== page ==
Lighting On Location – An Afternoon With a Terminator with Ian Spanier
It’s all about who you know… at least that’s how the saying goes out here in Hollywood. A few months back, I decided to take full advantage of one connection. It began with an Instagram post by Sandra Jersby (@swedefit), a fitness professional I have worked with many times for various publications since moving to Los Angeles. Sandra is also a trainer for a number of celebrities and professional athletes, and on that day she posted one of her clients’ progress videos, and the face was quite familiar. Any fan of “The Terminator” movies, like myself, would instantly recognize the Liquid Terminator, Robert Patrick.
Robert has also starred in various roles since then, in everything from “Sons of Anarchy” to “Goliath,” “The Expanse,” “The Walking Dead,” and other movies like “Safe House,” “The Protégé,” and even cameos in “Wayne’s World 2.” Sandra’s post was about Robert’s diligent work on his latest fitness prep for his role in the John Cena/DC Comics series, “Peacemaker.”
Not one to usually ask, I took a step outside my comfort zone and asked if she wouldn’t mind asking him if I could make a portrait. A day later, he and I were direct messaging much to my surprise! We worked out a date and I began my prep.
Upon arrival, Robert was AMAZING. Super friendly, and was game for some creative fun. I had planned five setups, ambitiously—I explained that I shoot fast, but I’ll take whatever time he will give me. Something I will say about all celebrity shoots: no matter what, I plan for two minutes. If that’s all I get, I need to nail the first shot. In the ideal scenarios, nailing the first shot leads to more than two minutes. I should mention, I also trained myself to shoot fast, with good reason.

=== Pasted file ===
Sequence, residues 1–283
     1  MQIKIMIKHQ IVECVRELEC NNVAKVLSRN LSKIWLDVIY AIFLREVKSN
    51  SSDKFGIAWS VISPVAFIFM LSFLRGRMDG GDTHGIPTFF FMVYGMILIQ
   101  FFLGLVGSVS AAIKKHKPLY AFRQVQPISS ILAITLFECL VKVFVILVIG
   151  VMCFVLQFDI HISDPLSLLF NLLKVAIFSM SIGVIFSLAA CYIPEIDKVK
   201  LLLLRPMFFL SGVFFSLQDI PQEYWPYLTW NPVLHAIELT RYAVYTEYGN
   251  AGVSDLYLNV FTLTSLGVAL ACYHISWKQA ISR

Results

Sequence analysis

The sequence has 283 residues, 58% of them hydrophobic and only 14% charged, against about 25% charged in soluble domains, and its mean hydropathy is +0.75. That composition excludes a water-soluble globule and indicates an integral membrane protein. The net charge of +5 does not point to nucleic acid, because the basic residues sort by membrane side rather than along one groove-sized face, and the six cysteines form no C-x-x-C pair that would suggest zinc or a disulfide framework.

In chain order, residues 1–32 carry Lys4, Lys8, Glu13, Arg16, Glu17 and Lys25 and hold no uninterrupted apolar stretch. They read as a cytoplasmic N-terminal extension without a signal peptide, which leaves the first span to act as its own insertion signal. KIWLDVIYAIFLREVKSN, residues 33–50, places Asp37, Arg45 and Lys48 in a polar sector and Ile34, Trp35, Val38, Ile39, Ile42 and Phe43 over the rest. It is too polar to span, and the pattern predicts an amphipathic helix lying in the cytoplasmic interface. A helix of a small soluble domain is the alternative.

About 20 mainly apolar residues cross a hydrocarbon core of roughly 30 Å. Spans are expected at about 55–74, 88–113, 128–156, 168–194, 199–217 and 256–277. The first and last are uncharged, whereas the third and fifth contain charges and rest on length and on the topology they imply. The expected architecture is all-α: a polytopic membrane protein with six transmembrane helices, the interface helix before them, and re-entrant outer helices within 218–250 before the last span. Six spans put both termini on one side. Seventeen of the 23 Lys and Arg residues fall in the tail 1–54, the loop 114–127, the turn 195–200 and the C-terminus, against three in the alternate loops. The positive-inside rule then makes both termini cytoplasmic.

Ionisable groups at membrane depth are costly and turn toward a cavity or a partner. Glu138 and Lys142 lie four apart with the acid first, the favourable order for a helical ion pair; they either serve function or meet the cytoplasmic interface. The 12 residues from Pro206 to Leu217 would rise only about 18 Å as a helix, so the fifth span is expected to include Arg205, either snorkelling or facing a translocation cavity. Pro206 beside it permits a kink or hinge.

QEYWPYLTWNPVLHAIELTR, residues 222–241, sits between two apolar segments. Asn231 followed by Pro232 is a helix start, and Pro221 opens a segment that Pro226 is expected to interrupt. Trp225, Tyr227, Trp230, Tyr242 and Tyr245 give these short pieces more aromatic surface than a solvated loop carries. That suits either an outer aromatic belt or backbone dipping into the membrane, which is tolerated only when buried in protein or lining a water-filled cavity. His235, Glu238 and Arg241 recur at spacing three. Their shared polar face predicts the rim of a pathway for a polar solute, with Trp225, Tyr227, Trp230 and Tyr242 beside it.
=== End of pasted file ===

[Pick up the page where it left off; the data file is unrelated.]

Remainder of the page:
I knew Robert was a motorcycle guy and owner of a Harley dealership. It just so happened that I had been working on a personal project all about motorcycle riders and I shared a sample of that with him. He liked it and we started there, just as I planned.
Ninety percent of the time, I plan my shoots out in great detail in my notebook. This is something I have been doing since the beginning of my career. I draw a birdseye view of the sets with details about what lights, modifiers and backgrounds I will use, as well as the settings and sample images of the day once complete. This has been an incredibly useful tool for my whole career, not only to be able to reference old shoots, but also to hand over the day’s plan to assistants when I need to deal with talent, my clients or even a computer glich.